I had in my pocket at the time a little charm that my wife had given me quite two years ago, and which I had invariably carried in my waistcoat pocket. This I at once, after carefully sealing up in a packet, forwarded to my O.T.C. friend for his R.A.F. friend.

I enclosed instructions that it was to be worn night and day without fail, and that it was never to be touched by any one but the wearer. If those instructions were carried out, I said that he would regain his nerve at once, that he would never suffer any injury whilst flying, and that whoever would be with him in an aeroplane would also be similarly protected.

Very shortly afterwards I heard that his “nerve” returned immediately on receiving my charm and that he was being trained as a night observer. Then that he had been sent out to France and was busy assisting in night bombing raids. Beyond that he was alive I heard nothing more about him until I received a letter from him, dated September 11. I enclose a copy of his letter, thinking that you (or the readers of your magazine, if it is worth while printing), may find it of interest. Since I got the letter, I have heard from my O.T.C. friend, and he in turn relates some more wonderful escapes that his friend has had.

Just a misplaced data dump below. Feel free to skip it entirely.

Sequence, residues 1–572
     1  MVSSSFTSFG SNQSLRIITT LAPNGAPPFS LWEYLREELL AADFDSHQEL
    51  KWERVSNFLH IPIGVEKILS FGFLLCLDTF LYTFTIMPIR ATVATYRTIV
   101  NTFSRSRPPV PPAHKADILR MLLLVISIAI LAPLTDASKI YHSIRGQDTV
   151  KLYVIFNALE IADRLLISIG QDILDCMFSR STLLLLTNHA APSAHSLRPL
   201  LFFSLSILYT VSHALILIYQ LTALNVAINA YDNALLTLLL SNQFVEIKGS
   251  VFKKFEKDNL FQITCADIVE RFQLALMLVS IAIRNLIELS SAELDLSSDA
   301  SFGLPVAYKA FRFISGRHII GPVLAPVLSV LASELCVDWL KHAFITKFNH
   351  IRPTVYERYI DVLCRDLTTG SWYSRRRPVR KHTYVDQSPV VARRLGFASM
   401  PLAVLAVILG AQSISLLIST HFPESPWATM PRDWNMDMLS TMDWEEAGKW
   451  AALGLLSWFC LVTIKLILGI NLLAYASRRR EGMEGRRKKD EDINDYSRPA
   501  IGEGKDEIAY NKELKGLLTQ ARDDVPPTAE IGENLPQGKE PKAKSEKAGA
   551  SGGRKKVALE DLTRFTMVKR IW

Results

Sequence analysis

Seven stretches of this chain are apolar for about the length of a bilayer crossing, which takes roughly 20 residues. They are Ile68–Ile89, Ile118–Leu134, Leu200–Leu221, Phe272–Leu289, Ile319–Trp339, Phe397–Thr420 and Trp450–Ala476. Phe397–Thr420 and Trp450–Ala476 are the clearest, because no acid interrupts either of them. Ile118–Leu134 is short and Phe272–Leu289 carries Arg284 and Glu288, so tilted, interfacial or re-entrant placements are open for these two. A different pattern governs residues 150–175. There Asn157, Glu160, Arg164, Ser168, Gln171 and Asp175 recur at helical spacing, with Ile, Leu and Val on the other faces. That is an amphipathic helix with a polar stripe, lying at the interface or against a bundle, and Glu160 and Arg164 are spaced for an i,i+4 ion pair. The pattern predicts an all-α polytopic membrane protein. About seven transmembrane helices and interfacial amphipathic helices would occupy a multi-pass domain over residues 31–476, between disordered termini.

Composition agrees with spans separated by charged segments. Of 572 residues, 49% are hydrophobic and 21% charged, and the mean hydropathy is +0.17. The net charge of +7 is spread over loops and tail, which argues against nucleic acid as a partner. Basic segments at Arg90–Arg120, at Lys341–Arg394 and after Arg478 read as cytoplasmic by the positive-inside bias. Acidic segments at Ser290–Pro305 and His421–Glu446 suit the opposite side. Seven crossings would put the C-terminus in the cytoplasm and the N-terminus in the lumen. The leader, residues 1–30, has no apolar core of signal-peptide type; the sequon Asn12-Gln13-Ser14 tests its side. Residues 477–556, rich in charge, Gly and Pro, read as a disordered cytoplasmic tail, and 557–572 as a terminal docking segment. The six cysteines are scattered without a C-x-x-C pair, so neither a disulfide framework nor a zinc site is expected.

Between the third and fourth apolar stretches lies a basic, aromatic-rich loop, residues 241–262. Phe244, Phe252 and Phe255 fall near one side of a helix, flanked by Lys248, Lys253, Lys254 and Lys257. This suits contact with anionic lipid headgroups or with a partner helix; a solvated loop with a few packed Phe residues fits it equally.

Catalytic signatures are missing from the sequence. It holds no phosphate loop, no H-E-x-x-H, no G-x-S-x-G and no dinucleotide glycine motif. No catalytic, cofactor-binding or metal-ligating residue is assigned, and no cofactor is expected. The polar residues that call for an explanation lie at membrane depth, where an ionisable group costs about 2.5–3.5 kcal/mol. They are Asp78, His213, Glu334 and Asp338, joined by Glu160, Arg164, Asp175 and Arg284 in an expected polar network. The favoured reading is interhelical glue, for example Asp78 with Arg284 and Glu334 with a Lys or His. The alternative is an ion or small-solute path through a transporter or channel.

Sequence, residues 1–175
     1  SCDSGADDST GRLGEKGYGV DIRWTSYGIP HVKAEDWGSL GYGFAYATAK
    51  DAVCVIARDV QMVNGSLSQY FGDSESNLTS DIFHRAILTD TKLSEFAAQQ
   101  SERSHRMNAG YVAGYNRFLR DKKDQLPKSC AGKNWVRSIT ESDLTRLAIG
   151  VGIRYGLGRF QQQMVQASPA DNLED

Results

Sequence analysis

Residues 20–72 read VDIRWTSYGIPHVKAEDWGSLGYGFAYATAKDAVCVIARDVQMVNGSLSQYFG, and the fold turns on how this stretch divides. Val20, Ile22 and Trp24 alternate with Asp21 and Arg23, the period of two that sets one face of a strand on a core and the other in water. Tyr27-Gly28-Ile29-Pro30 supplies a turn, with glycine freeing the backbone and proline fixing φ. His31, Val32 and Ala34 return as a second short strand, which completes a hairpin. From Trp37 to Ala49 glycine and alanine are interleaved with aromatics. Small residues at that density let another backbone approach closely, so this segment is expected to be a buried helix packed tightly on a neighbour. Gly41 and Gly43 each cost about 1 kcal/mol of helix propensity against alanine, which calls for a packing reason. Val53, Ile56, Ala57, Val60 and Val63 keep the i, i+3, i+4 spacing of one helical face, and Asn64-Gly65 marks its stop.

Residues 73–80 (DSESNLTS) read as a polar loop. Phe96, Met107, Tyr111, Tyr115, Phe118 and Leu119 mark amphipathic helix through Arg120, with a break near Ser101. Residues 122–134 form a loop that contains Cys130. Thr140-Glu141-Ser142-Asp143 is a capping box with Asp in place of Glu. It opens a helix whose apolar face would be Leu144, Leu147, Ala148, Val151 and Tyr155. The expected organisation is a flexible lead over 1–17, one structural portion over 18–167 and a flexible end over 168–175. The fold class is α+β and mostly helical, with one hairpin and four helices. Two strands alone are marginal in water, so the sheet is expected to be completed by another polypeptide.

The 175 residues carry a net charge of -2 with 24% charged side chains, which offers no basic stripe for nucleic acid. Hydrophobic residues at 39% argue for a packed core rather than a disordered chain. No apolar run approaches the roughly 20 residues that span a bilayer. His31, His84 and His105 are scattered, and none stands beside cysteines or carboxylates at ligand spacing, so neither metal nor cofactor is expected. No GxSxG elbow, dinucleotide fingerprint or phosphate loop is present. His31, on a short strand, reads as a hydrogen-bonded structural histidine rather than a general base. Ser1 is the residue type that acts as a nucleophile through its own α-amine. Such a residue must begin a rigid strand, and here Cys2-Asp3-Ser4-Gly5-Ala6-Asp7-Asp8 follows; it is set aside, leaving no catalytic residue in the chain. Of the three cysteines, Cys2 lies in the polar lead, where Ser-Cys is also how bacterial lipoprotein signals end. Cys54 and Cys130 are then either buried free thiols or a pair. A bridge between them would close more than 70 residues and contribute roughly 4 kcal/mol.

Yours faithfully,


P.S. I enclose my card. I have been an inquirer and experimenter in occult matters for forty years, so you will understand that the charm (bought for 1s. 6d. at Cheltenham) was specially prepared by me for the particular purpose I intended it for.

 The good doctor, who seems to have been associated with homeopathy and who believed he had the gift of healing, helpfully included a grateful testimonial from the unscathed pilot.

Copy of letter from R.A.F. man.

Dear Doctor,—